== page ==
According to a director of Smash, the music promotion company responsible for Fuji Rock, the festival is “possibly the cleanest festival in the world”, and its ‘green concept” is a central theme. Various “green” initiatives include:

  1. A zero-rubbish policy, where rubbish created is sorted into five categories before being recycled;
  2. Other recycling efforts, including toilet paper made from cups and cigarette packaging and jackets worn by staff made from recycled plastic bottles, among others; and
  3. Minimal corporate intervention and prohibition of sponsorship banners near performing stages, in a bid to present an “untouched countryside”.

The director interviewed in the article mentioned that “being a Japanese festival, the event is not typical of Western festival style”, and if we recall Demetriou’s statement about Fuji Rock being “quintessentially Japan…”, there is a sense that both of them view Japan as a nation actively involved in ecologically-friendly practices and protective of its environment. In other words, there is a suggestion of Japan being a “green” nation.

It seems, therefore, that the article, despite focusing on Fuji Rock, makes a certain representation of Japan and the environment. It is essentially presenting to the reader a Japanese nation which is clean, “green” and unique compared to its Western counterparts. Such implicit representation, in my view, may well construct an inaccurate perception of Japan in the mind of a reader who possesses limited and uncritical knowledge of Japan.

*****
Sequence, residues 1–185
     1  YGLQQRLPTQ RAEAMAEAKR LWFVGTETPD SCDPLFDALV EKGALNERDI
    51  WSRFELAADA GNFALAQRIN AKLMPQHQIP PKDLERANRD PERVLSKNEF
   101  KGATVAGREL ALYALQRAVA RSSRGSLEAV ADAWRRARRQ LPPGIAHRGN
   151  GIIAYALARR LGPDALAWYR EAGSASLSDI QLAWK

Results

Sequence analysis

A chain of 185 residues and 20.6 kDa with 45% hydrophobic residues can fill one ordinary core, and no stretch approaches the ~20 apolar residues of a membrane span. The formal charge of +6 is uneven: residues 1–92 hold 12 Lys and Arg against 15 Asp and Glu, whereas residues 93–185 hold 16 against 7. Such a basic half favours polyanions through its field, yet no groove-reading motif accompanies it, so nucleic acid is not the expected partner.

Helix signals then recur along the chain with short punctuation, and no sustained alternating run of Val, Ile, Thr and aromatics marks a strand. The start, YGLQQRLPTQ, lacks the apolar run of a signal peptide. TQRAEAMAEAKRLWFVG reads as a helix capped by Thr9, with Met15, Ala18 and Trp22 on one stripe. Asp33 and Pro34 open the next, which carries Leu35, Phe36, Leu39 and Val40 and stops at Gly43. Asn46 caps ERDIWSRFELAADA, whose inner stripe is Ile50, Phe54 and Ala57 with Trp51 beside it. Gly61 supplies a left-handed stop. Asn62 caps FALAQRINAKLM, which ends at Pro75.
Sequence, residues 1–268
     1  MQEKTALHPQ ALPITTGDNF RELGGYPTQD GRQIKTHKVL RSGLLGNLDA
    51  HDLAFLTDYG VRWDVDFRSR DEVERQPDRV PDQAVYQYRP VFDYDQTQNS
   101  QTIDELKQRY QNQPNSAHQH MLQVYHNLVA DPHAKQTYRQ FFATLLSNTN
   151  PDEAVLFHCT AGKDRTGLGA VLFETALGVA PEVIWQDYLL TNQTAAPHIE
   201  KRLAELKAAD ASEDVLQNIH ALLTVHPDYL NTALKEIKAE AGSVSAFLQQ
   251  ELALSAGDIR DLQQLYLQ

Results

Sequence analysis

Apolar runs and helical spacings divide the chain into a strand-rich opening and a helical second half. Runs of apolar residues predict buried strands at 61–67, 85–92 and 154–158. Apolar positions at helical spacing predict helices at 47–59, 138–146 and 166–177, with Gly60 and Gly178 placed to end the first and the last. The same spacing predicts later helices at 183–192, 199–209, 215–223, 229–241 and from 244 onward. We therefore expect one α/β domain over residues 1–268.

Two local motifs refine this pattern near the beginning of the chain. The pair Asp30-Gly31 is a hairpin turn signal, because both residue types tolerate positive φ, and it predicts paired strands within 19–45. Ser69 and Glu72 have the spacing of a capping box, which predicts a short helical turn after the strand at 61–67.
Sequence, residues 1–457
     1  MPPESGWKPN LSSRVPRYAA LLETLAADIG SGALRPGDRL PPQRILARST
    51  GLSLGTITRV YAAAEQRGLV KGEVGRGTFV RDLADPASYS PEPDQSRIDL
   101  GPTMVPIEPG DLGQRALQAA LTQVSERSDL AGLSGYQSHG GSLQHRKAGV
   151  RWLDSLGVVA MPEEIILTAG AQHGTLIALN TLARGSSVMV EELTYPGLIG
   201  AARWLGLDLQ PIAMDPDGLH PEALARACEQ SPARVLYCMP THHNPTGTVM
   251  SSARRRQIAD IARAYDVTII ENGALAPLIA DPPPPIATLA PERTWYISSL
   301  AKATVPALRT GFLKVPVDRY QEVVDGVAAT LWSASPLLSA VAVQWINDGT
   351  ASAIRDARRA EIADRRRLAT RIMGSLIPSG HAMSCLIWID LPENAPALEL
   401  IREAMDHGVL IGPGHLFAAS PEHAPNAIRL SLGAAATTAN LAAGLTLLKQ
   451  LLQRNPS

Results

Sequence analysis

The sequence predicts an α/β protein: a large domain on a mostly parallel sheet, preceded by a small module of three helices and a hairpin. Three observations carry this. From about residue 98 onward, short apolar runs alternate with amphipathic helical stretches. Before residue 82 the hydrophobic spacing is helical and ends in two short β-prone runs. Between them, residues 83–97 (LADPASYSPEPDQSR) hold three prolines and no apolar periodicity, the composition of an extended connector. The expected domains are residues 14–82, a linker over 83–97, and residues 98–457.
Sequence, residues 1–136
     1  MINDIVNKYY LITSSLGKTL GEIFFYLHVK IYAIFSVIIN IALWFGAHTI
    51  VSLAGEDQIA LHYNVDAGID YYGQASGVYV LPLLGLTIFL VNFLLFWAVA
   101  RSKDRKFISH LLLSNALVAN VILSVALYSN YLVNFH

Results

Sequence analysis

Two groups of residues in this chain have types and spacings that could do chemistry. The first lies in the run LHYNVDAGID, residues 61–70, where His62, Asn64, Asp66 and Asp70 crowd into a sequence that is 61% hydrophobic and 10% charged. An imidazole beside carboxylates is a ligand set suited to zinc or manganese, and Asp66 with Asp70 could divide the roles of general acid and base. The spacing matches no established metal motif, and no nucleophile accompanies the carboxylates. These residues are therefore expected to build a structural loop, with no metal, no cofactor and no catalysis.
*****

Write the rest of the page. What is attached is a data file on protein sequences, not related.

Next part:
Demetriou, D., 2013. Fuji Rock: Japan’s clean, green and safe 16-year spectacle [online]. The National. Available from:

http://www.thenational.ae/business/industry-insights/economics/fuji-rock-japans-clean-green-and-safe-16-year-spectacle#ixzz2cIOzPv8P [Accessed 18 August 2013].

Green News

Welcome to the NUS blog for the module “Japan, the green nation?” from the Department of Japanese Studies.

This blog features posts related to the module, including “green” news reported by students. These are news stories that present Japan or a Japanese institution, person, company, etc. as particularly eco-friendly. Student search for relevant news items, summarize the news, and provide a critical analysis of the news through concepts discussed in class.

We hope that by collecting these news items in one place we can provide an overview of “green” news about Japan. Look for weekly posts!